isn't the only game that works this way; in fact, there's a huge list of games
that can run with or without Steam, and some can be "turned" DRM-free the same exact way. The difference here is that Pocketwatch Games has actually advertised it.
They've actually gone out of their way to let people know that the game can indeed be run without Steam if desired. This is something that I don't think ANY other developer/publisher, Indie or otherwise, has ever done (at least to my knowledge), and I really hope it continues. I would absolutely love it if some kind of notification existed somewhere on a game's Steam store page to let people know that Steam isn't actually required to play it after the initial download.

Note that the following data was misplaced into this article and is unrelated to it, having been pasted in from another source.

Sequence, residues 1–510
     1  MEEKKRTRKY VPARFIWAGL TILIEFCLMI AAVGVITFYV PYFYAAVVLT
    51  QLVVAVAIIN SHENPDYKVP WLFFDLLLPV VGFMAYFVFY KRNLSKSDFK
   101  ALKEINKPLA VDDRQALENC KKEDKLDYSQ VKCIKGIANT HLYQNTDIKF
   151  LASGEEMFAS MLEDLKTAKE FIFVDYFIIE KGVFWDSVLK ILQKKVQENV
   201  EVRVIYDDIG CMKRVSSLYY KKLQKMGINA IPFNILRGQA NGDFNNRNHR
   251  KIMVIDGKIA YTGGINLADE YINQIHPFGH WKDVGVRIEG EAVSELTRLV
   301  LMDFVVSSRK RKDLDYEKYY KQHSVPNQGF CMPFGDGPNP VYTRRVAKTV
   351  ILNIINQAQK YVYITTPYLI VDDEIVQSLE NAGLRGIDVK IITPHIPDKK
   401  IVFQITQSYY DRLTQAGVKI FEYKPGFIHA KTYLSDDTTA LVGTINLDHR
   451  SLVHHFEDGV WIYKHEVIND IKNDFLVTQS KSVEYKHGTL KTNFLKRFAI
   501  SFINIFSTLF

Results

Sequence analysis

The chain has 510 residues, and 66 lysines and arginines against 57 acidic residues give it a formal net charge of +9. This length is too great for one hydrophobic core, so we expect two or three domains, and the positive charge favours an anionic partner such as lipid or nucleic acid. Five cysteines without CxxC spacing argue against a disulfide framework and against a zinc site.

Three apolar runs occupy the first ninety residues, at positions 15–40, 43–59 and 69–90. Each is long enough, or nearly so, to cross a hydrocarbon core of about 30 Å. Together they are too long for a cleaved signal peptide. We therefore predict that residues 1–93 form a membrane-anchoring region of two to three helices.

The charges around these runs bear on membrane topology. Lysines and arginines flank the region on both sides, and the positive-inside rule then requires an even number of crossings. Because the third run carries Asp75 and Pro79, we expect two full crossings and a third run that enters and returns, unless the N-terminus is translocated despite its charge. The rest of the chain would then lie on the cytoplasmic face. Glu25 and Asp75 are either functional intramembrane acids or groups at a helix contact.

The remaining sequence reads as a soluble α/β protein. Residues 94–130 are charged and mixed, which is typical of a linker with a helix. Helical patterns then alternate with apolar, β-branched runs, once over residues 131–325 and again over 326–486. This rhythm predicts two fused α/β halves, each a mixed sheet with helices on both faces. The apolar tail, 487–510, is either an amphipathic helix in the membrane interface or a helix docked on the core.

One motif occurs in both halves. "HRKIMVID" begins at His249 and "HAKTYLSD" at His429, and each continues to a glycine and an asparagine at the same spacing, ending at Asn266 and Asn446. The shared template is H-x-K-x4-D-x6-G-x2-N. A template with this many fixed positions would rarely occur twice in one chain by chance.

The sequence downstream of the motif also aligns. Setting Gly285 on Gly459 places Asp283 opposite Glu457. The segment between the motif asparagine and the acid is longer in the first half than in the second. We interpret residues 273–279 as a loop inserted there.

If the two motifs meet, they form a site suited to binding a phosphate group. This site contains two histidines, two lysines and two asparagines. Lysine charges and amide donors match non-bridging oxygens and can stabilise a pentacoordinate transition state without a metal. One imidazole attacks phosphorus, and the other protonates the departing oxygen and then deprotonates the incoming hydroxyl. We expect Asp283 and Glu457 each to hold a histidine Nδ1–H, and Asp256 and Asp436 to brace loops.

Steam's DRM is easily cracked; I defy anyone to name a single, non-free-to-play Steam game that wasn't cracked and put online for "free" within 24-48 hours of it's legal public availability. No such game exists. Yet, here we have a game that's been getting rave reviews, and the developer actually used Steam the way it's supposed to be used: without any restrictions, but with all the features that PC gamers have come to expect from a Steamworks title. What's more is that they're not afraid to do it. They've stepped out into the light to let people know how the game was made, and to make sure people actually feel like they own what they've paid for.
(EDIT: Apparently, the team behind Mercenary Kings
did the same thing, and advertised on their Kickstarter
that it would be a DRM-free Steam game. I was glad to buy this game after knowing that.)
Ladies and gentlemen, THIS is how you treat your customers. THIS is how you make a Steam game: all of the positives with NONE of the negatives. I hope Pocketwatch Games continues to be successful, because something tells me that they're one of the only developers around right now that really, truly gets how PC gaming should work.
LOOK WHO CAME:
Kyle MacGregor Burleson 1